Now, let's get serious.
Brazil. Not a place that immediately springs to mind when you think of fine wines, is it?
The country was largely colonized by folks from European countries where wine is the tipple of choice and where a meal isn’t considered complete without it, and yet Brazilians, on the average, drink less than 3 liters of the stuff, per capita, per year.
Most drink cachaça, much of it in the form of caipirinhas.
Don’t know what cachaça is?
Click here to find out: http://murderiseverywhere.blogspot.com/2010/03/cachaca-brazilian-tipple.html
We also drink lots of beer, most of which is really good. But the making of good wine, until recently, has eluded us – and many would say it eludes us still.
Well, remember those three rules for earning money in real estate?
Location, location, location?
The same applies to fine wines.
In the northern hemisphere, the grapes used to make Burgundies are grown at latitudes in the neighborhood of 47 degrees.
The ones used to make Barolos and Valpolicellas in latitudes of slightly less than 45.
Portugal’s Douro Valley clocks-in at 41.
The Napa Valley, in California, does well at about 39.
Spain’s Rioja region is at 37.
Algeria’s highlands are at 35.
But if you get any further south than that, the quality falls-off fast.
And the southern hemisphere?
Well, our friends from South Africa (my hat is off to you, Stanley and Michael) grow truly superior wine grapes in the area around the Cape of Good Hope. And so do the Argentineans, in the area around Mendoza, and the Chileans in the Maipo Valley, all of which are located at about the same latitude: 34 degrees.
Brazil’s wine-growing country, what little of it there is, lies as far away from the equator as you can get without crossing the southernmost border. It’s an area in which growing conditions are less than ideal and where wine neither travels nor stores well, but it’s the best we’ve got.
Back in the early days, the colonists really missed their wine.
The rich ones had it shipped to them from the mother country.
And many farmers tried to grow it, but they quickly discovered that a terroir suitable for crops like coffee and sugar cane is the last place you want to start planting wine grapes. The climate in such places tends to be humid, and those were the days before disease-resistant vine clones had been developed, so the first vines the colonists planted ( in São Paulo back in 1532 ) died in short order.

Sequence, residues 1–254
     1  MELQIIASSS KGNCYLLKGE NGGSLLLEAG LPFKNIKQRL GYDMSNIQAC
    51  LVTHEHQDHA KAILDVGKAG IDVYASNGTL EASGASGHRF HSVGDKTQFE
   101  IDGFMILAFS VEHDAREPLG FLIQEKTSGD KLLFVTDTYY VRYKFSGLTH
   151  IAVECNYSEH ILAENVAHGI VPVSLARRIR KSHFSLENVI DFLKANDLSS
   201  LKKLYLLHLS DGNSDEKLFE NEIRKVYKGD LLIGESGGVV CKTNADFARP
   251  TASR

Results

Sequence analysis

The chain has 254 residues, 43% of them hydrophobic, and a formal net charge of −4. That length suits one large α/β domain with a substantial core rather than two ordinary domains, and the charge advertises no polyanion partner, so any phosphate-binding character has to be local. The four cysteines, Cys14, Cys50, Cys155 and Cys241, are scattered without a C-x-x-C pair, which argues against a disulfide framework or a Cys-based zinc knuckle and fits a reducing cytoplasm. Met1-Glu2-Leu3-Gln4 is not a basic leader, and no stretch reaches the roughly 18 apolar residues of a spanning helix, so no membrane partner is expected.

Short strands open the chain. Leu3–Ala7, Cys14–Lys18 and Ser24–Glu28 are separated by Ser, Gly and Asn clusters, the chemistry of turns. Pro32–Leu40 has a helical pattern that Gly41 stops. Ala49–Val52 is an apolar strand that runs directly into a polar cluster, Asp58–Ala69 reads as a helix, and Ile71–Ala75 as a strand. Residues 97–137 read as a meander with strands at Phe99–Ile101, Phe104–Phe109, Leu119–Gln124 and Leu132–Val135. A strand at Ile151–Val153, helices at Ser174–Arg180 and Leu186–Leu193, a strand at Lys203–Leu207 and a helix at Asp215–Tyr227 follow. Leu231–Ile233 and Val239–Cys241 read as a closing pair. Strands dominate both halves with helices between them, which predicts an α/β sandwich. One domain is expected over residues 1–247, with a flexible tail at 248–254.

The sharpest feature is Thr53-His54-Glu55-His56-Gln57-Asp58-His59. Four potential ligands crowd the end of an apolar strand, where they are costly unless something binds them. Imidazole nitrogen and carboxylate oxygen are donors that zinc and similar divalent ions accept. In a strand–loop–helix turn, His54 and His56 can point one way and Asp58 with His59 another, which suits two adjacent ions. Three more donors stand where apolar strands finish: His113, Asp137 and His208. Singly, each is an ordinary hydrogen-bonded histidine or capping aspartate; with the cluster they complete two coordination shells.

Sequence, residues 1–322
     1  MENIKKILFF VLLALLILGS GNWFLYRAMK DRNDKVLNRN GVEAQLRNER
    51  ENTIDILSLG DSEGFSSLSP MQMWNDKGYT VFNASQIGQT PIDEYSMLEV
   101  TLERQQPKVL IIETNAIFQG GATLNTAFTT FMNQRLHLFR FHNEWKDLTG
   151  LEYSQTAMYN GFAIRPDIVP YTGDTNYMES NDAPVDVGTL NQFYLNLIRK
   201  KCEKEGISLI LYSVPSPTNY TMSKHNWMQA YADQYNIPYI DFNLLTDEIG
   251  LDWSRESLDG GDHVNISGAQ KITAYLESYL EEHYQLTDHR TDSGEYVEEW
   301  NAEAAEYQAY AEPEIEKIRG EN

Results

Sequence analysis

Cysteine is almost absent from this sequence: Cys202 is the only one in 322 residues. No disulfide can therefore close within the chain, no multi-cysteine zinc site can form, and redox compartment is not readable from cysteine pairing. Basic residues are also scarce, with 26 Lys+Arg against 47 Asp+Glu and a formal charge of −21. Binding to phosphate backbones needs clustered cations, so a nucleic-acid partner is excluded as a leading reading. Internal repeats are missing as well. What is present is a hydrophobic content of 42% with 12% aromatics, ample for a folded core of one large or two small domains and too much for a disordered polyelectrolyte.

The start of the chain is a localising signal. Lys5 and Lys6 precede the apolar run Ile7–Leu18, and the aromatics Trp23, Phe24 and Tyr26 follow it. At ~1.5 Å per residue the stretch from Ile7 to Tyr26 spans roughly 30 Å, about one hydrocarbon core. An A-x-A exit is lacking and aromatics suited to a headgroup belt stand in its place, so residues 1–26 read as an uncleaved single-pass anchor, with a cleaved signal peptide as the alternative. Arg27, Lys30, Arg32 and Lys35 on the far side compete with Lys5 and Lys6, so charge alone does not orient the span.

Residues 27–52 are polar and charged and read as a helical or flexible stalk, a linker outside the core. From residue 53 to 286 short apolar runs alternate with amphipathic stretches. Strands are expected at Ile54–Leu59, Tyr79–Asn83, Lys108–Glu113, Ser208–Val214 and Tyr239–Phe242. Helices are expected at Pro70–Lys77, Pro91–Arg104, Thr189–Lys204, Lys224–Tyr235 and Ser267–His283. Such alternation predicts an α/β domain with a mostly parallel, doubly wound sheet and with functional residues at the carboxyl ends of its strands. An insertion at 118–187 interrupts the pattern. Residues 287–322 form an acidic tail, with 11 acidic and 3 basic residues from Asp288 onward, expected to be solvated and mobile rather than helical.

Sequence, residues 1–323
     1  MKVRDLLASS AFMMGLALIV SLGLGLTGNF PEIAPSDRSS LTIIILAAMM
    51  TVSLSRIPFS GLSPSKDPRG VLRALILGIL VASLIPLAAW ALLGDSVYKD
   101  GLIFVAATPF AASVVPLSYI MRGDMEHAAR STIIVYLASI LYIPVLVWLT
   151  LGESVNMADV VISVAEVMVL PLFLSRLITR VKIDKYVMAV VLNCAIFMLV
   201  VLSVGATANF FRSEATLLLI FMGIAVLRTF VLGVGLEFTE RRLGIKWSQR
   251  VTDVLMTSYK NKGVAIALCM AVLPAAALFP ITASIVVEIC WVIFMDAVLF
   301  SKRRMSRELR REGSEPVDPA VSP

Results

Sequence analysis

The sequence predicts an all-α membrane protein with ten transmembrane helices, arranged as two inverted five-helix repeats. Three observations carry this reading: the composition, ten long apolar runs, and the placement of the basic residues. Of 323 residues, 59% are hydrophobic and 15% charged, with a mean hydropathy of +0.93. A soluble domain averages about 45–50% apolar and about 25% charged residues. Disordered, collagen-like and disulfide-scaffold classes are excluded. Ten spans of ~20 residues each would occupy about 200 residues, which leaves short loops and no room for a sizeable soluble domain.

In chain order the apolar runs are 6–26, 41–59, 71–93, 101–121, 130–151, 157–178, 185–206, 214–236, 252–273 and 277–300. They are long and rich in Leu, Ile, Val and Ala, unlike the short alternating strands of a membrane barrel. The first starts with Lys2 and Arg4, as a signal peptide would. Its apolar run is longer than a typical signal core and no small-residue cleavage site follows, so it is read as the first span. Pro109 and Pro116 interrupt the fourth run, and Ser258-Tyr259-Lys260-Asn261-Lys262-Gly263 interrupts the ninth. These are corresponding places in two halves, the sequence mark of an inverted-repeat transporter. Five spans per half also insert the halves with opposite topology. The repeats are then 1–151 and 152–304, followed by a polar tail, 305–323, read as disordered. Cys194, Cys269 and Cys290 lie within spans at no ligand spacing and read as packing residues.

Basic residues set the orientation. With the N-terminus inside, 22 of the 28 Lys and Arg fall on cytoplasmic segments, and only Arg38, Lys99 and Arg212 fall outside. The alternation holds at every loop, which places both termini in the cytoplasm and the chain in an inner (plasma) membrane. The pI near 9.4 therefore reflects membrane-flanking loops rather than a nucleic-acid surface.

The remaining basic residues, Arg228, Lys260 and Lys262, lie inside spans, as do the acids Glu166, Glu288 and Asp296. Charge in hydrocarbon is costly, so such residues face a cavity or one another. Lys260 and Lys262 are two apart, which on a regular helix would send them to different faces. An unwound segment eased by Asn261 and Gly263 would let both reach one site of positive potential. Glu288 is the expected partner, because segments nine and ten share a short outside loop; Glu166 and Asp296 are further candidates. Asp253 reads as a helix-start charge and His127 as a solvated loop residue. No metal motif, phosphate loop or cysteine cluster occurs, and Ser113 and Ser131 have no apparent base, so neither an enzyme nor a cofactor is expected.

Mostly from funghi like the one shown above.
They did manage to find some places in the State of Rio Grande do Sul (map above) where drinkable (although not very high-quality) reds could be produced and slightly higher-quality whites, but getting them to the markets of São Paulo and Rio de Janeiro proved well-nigh impossible. Back then, the roads were very poor. And they stayed that way for a long time – all the way up until the twentieth century. But I’m happy to say that, like just about everything else in Brazil these days, the winds of change are blowing through the country.
The new reality has been heavily influenced by the arrival of, and investments by, a number of international wine companies. They brought winemaking technology and vineyard-management techniques to the industry and invested heavily in the planting of the European grape varieties, Chardonnay and Semillon (for the whites) and Cabernet Sauvignon and Merlot (for the reds).
These days, the area around Bento Gonçalves, the heart of Brazil’s wine growing region, has more than 90, 000 acres planted in vines.
But we still have a long way to go. Last year, Brazil exported only 3.3 million dollars worth of wine.
And, to give you an idea of how little that is, compare it to the 1.6 billion dollars worth exported by Chile.
Still, we’re getting there.
Click here to take a virtual tour of the facilities of Vinícola Aurora, Brazil’s largest winery:
I daresay the sophistication of the operation will surprise you.
Leighton – Monday